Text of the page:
Definitions

from The American Heritage® Dictionary of the English Language, 4th Edition

  • adj. Relating to or suggestive of a Cyclops: a great Cyclopean monocle.
  • adj. Very big; huge: has a cyclopean ego.
  • adj. Of or constituting a primitive style of masonry characterized by the use of massive stones of irregular shape and size.

from Wiktionary, Creative Commons Attribution/Share-Alike License

  • adj. Suggestive of a cyclops.
  • adj. Fitted together of huge irregular stones.
  • adj. Massive in stature.

from the GNU version of the Collaborative International Dictionary of English

  • adj. Pertaining to the Cyclops; characteristic of the Cyclops; huge; gigantic; vast and rough; massive.

from The Century Dictionary and Cyclopedia

  • Of or pertaining to, or exhibiting the characteristics of, any of the legendary Cyclopes.
  • Vast; gigantic: applied to an early style of masonry, sometimes imitated in later ages, constructed of stones either unhewn or more or less irregularly shaped and fitted together, usually polygonal, but in some more recent examples approaching regular horizontal courses, and often presenting joints of very perfect workmanship. Such masonry was fabled to be the work of the Cyclopes. It is remarkable for the immense size of the stones commonly employed, and was most frequently used for the walls of cities and fortresses. The walls of Tiryns, near Nauplia, in Greece, mentioned by Homer, are a good specimen of Cyclopean masonry. The remains of these walls consist of three courses, of which the stones, measuring from 6 to 9 feet long, from 3 to 4 feet wide, and from 2 to 3 feet deep, are rudely shaped, irregular masses piled on one another. Examples of Cyclopean work occur in Greece, Italy, Asia Minor, and elsewhere. The more primitive Cyclopean masonry in Greece, roughly built of stones entirely unhewn, the spaces between the larger stones being filled with smaller ones, is often termed Pelasgic.

from WordNet 3.0 Copyright 2006 by Princeton University. All rights reserved.

  • adj. of or relating to or resembling the Cyclops

Etymologies

Sorry, no etymologies found.

Examples

  • The cyclopean has been a /shite/ chancellor, he might be okay at math but has the economic grasp of a 10 year old, he never realises the human ramifications of his policies, he is the very definition of the C word you will not let me use here.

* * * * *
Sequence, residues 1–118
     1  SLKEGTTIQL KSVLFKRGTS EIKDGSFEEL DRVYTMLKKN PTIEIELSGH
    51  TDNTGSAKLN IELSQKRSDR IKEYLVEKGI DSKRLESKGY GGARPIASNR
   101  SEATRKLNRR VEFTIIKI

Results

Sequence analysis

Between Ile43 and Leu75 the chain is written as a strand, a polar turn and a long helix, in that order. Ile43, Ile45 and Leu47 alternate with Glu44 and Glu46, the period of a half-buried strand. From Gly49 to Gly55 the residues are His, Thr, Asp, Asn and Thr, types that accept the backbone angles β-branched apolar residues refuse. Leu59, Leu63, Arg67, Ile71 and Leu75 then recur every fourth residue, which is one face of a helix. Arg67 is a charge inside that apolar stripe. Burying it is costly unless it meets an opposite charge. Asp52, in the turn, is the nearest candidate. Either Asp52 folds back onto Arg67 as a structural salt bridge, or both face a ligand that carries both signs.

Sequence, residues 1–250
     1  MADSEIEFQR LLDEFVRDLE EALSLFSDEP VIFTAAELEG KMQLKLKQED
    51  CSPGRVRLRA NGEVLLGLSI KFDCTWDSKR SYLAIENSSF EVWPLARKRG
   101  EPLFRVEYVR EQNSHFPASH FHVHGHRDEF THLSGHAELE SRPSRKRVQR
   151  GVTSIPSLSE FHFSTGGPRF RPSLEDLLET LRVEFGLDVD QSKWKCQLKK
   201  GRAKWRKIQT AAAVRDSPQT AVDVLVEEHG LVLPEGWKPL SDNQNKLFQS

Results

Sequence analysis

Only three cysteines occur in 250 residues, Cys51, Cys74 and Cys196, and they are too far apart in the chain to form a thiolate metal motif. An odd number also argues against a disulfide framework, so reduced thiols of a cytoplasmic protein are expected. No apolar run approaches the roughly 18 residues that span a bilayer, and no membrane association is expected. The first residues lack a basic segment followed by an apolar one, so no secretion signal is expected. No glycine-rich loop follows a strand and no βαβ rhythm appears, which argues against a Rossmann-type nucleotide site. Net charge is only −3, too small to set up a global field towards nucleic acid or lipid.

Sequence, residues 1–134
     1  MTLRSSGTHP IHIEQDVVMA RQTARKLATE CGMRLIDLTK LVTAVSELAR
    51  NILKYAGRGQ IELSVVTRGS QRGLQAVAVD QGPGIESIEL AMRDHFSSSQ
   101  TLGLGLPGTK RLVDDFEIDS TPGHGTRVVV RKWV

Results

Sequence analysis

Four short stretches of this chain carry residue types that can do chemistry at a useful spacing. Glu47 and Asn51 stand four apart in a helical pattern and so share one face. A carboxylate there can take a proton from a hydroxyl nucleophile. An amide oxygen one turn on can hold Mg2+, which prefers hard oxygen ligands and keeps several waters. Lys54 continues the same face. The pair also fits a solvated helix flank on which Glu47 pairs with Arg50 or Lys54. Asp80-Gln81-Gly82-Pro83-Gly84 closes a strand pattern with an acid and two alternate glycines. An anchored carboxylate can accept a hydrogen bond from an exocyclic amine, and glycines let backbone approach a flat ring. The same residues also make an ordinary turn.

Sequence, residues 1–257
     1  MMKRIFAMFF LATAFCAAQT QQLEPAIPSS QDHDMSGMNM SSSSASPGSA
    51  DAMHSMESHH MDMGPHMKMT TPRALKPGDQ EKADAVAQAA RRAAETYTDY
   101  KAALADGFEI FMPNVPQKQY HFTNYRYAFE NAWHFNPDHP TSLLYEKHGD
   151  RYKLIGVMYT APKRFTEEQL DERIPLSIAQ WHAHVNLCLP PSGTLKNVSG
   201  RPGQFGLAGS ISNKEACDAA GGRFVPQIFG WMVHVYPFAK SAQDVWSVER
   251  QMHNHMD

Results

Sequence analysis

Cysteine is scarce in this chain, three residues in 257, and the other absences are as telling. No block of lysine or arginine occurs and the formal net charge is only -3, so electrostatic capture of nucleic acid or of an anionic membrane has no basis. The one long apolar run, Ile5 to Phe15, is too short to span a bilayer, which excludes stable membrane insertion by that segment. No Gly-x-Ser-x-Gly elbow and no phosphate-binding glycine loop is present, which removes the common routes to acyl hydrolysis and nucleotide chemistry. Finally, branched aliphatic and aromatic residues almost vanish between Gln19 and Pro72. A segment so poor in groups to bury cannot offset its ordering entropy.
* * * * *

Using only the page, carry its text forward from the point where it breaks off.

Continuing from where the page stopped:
Gordon Brown Meets the Ten Year Olds

  • The only form of the arch observed, is that called the cyclopean arch, which is made by one course of stones overlapping another, till the two walls meet, and

    Incentives to the Study of the Ancient Period of American History An address, delivered before the New York Historical Society, at its forty-second anniversary, 17th November 1846

  • Do you ever lay awake at night dreaming of ways to introduce the word "cyclopean" into everyday speech?

    The Lovecraft News Network

  • As far as I know there is not an exact Danish match to "cyclopean" but I would say a good substitute would be "enormt."

    Archive 2009-11-01

  • It seems that this latter material was mostly used in the almost "cyclopean" defensive walls of D├╝zen, while smaller beige limestone bocks were used for walls of buildings.

    Interactive Dig Sagalassos - Geological Survey Report 1

  • Bellegra, a prehistoric fastness with some traces of "cyclopean" defences.

    Alone

  • It boasts the conventional prison gateway, the solid-looking, nail-studded door, the low, worn archway which the better deserves the qualification "cyclopean," because the jailer's peephole or _judas_ looks out like a single eye from the front of the building.

    Eve and David

  • The engineering difficulties were great, the dredging and filling a cyclopean task.

    Chapter XX

  • Colossal enterprises will be projected and carried through, and combinations of capital and federations of labor be effected on a cyclopean scale.

    THE QUESTION OF THE MAXIMUM

  • Beyond this, a cyclopean city of alien magnitude - the many million year old remnants of a race known in the pages of the fabled pnakotic manuscipts as the Elder ones.

    Archive 2009-01-01

Comments

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  • "Will not need wrecking crew(s)" in the shorthand code of railway telegraphers. --US Railway Association, Standard Cipher Code, 1906.

    January 21, 2013

  • In his introduction to The Dream Cycle of H.P. Lovecraft Neil Gaiman talks about Lovecraft-inspired stories he's written and says of one of them - I quote from memory - that 'you can tell it's Lovecraftian, because I use the word cyclopean in it'.

    October 23, 2007